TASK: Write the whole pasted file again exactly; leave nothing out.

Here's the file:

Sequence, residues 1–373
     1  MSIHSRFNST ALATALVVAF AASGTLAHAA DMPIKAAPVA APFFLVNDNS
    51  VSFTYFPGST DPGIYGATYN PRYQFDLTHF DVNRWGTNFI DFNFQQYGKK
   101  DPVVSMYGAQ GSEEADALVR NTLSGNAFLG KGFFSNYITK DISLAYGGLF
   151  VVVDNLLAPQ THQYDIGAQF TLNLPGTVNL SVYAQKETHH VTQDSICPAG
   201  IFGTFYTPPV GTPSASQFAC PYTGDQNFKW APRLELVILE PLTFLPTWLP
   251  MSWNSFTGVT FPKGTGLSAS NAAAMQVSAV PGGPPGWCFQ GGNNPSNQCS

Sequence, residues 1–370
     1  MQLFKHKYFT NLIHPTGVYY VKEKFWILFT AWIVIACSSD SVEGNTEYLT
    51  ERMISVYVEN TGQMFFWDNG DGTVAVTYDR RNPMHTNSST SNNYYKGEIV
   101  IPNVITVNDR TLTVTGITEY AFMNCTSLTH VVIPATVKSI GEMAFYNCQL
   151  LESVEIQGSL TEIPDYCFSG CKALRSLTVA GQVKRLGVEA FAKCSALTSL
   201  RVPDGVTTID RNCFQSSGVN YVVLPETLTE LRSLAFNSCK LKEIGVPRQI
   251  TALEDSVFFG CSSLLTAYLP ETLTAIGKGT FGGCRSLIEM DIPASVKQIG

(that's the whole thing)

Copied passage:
Sequence, residues 1–373
     1  MSIHSRFNST ALATALVVAF AASGTLAHAA DMPIKAAPVA APFFLVNDNS
    51  VSFTYFPGST DPGIYGATYN PRYQFDLTHF DVNRWGTNFI DFNFQQYGKK
   101  DPVVSMYGAQ GSEEADALVR NTLSGNAFLG KGFFSNYITK DISLAYGGLF
   151  VVVDNLLAPQ THQYDIGAQF TLNLPGTVNL SVYAQKETHH VTQDSICPAG
   201  IFGTFYTPPV GTPSASQFAC PYTGDQNFKW APRLELVILE PLTFLPTWLP
   251  MSWNSFTGVT FPKGTGLSAS NAAAMQVSAV PGGPPGWCFQ GGNNPSNQCS

Sequence, residues 1–370
     1  MQLFKHKYFT NLIHPTGVYY VKEKFWILFT AWIVIACSSD SVEGNTEYLT
    51  ERMISVYVEN TGQMFFWDNG DGTVAVTYDR RNPMHTNSST SNNYYKGEIV
   101  IPNVITVNDR TLTVTGITEY AFMNCTSLTH VVIPATVKSI GEMAFYNCQL
   151  LESVEIQGSL TEIPDYCFSG CKALRSLTVA GQVKRLGVEA FAKCSALTSL
   201  RVPDGVTTID RNCFQSSGVN YVVLPETLTE LRSLAFNSCK LKEIGVPRQI
   251  TALEDSVFFG CSSLLTAYLP ETLTAIGKGT FGGCRSLIEM DIPASVKQIG